Katz_Cyberbullying-a_978-1-84905-276-4_colourjpg-webTo mark Anti Bullying Week 2013 (18th – 22nd November), JKP author Adrienne Katz discusses how online bullying can be prevented with more effective e-safety education. Rather than running one-off e-safety sessions which can be easily missed or the information forgotten, she argues the case for continuous e-safety support in schools and discusses how particularly vulnerable teens can be better served by this system.


Thank goodness for ten year olds! They are the most likely age group to actually listen to e-safety advice and follow it.  But sadly, this is short-lived.

Most young people say they have been taught about staying safe on the internet. They even say this education was good or quite good. But before educators pat themselves on the back, there is some sobering news.  Rather like adults who see health messages about cigarettes and then go outside their workplace to smoke, teenagers tend to ignore what they have learned. The most vulnerable teenagers are the most likely to say ‘it goes right out of my head when I’m talking to friends online.’

It is these vulnerable teenagers who need something different. The standard universal e-safety education offered does not really address their needs. Young people in care, those who are young carers and those with special needs may require a more targeted approach with extra support. They might not have been in school when a one off session was delivered, perhaps by an outside agency and in any case, once that session is over that person leaves the school and pupils cannot ask a question or turn to them for help.

Children who are bullied in school will often go online to retaliate – in this realm they may be powerful, take risks and try to get their own back. Alternatively they often seek friendship online because they are shunned in school. Young carers may be home a lot more than their friends and they may have a lively online life. People who are known to be depressed or especially those who self-harm, are anorexic or troubled – perhaps through bereavement or loss – may visit websites that promote eating disorders or even suicide. They may gratefully make friends with someone who is intent on harm.

Then we have the current youth trend of self-generated photos that somehow escape the confines of an intimate relationship – it is estimated by the IWF that 88% of these images turn up on parasite websites. So often a photo is lovingly shared during a relationship and pressure is increased to send something a little raunchier or more revealing. Gradually a number of these images are shared leaving the sender open to blackmail, extortion and threats when things go wrong. Sometimes the sender thinks they are in a relationship with another teenager when in reality it is actually an adult predator posing as a young person. 22% of teens said they had been blackmailed or threatened by someone over a private image on a webcam or shared in a relationship.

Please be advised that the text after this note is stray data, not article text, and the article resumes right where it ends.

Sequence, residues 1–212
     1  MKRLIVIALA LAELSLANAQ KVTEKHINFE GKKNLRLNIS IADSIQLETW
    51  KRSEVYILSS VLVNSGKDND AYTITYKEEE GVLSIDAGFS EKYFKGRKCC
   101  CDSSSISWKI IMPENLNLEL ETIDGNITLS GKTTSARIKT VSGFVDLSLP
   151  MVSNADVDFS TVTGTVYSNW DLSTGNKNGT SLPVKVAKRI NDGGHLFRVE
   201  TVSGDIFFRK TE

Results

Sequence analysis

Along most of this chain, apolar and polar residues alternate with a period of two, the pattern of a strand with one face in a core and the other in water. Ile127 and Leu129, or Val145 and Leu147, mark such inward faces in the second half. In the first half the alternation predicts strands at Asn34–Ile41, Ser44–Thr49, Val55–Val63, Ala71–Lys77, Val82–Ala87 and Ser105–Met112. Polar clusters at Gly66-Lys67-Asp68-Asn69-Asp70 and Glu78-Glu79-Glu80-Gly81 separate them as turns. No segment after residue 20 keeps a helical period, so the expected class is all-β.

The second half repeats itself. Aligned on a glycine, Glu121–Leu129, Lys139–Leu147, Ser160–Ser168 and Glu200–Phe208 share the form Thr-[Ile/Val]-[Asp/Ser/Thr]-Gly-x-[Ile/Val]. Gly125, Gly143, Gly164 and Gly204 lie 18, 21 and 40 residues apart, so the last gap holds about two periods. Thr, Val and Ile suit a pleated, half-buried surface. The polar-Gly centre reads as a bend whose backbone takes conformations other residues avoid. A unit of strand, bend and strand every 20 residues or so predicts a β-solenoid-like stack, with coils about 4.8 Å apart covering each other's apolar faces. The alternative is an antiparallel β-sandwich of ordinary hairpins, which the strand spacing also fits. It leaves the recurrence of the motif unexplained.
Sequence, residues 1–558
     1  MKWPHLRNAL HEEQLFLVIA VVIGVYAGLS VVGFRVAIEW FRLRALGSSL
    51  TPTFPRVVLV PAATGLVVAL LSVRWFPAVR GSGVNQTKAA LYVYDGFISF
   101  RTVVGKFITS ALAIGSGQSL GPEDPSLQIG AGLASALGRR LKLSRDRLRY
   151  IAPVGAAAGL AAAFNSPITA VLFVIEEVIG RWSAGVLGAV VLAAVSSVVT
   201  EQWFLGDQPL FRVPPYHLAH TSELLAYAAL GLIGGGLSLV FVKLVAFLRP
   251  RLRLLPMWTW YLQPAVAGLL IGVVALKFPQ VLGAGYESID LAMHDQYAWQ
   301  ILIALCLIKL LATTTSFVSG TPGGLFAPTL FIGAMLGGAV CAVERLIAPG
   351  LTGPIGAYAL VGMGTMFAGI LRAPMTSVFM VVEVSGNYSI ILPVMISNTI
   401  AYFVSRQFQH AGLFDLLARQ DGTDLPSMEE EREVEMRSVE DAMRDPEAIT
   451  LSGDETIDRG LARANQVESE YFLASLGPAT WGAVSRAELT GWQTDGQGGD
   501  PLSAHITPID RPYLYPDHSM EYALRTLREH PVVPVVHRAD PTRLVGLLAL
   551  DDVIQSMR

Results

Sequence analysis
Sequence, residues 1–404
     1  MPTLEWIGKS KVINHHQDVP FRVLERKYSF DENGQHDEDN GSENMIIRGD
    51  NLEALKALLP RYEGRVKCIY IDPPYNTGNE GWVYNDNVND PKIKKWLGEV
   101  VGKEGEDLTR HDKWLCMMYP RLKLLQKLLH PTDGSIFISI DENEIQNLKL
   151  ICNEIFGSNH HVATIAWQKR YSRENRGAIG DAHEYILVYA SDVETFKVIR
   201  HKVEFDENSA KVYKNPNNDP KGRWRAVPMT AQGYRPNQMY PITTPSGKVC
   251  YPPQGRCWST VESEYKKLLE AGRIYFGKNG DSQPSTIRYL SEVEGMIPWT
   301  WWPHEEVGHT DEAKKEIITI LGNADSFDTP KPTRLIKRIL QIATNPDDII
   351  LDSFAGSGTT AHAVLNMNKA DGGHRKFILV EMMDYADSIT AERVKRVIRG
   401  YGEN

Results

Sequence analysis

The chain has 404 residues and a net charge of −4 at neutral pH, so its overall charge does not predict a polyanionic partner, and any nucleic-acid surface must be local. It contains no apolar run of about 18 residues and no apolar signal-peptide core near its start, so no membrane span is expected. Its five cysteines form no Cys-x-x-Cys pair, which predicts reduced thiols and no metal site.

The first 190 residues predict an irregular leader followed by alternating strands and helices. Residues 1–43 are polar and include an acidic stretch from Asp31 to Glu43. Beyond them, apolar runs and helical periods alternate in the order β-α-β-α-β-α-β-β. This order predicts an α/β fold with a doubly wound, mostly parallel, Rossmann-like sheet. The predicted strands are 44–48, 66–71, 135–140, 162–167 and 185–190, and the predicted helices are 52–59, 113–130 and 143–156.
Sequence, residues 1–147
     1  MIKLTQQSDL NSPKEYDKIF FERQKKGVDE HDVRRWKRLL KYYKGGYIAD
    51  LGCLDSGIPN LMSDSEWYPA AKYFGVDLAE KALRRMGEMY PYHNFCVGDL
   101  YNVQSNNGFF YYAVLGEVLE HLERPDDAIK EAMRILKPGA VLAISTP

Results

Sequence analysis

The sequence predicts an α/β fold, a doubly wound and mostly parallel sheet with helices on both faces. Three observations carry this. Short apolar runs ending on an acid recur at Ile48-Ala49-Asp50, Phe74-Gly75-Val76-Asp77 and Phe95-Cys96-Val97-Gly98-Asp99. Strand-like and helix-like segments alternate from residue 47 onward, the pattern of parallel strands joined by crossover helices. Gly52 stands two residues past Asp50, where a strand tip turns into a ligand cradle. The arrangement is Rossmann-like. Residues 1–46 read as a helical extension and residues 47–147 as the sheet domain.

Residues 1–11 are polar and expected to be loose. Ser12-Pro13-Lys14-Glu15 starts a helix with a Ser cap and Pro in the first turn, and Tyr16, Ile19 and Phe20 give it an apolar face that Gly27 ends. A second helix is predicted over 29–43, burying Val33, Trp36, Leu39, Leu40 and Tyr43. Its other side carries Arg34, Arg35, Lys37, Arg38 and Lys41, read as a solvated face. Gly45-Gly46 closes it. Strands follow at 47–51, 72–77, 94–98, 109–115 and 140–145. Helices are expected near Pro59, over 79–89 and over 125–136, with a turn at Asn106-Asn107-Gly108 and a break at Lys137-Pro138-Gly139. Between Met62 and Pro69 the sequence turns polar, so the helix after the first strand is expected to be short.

Learning this from a large sample of 17,500 young people aged 10 -16+ has led to workshops to explore how we might deliver e-safety in new ways that resonate with our young people. They devise new content, help teach one another and generally act as valuable partners in our exploration of the new digital world we inhabit. E-safety should not be something that adults deliver to children – rather it should be a journey of exploration on which we embark together, sharing what we find out and supporting each other.

While we want to encourage young people to report problems and worries they have online, we as adults will have to improve our responses when they do report it. Only 43% of those who reported being cyberbullied said they got help to get it to stop. 55% of those said it did stop as a result. But what about the cases where it got worse or stayed the same?

Tragic cases such as the recent deaths of Hannah Smith, Daniel Perry and Issy Dix show that young people are flocking to sites such as Ask.fm – in part to have a private space now that parents have understood that they should be ‘friends’ on Facebook to follow their child’s online life. Here bullying is aided by the anonymous message feature.  But do they know they can switch this off?  The resilient, stronger ones are able to walk away if trolls are active. For some though, the magnetic pull of returning again and again to see what people are saying about them, proves too strong. They need our help.

Below are some interesting findings from the survey of 17,500 young people aged 10-16 about e-safety:

  • Young people were asked: If you were taught about e-safety do you follow this advice?
    – In 2009 only 26% of 14-15 year olds said they always followed it. In 2013 this figure is 31%.
    – 46% of girls and 35% of boys say they always follow the advice.
  • Boys are more likely than girls to say they can get round blocks set up by adults to prevent them visiting certain sites.
  • 28% of those in care said they were taught about e-safety too late – 2 ½ times as many as their peers.
  • Parents are more likely to talk to daughters about e-safety (67%) and ignore this issue with their sons (53%).


Adrienne Katz is the author of ‘Cyberbullying and E-safety: What Educators and Other Professionals Need to Know’

Adrienne is a director of the BIG Award, a national award for excellence in bullying intervention: www.bigaward.org.uk


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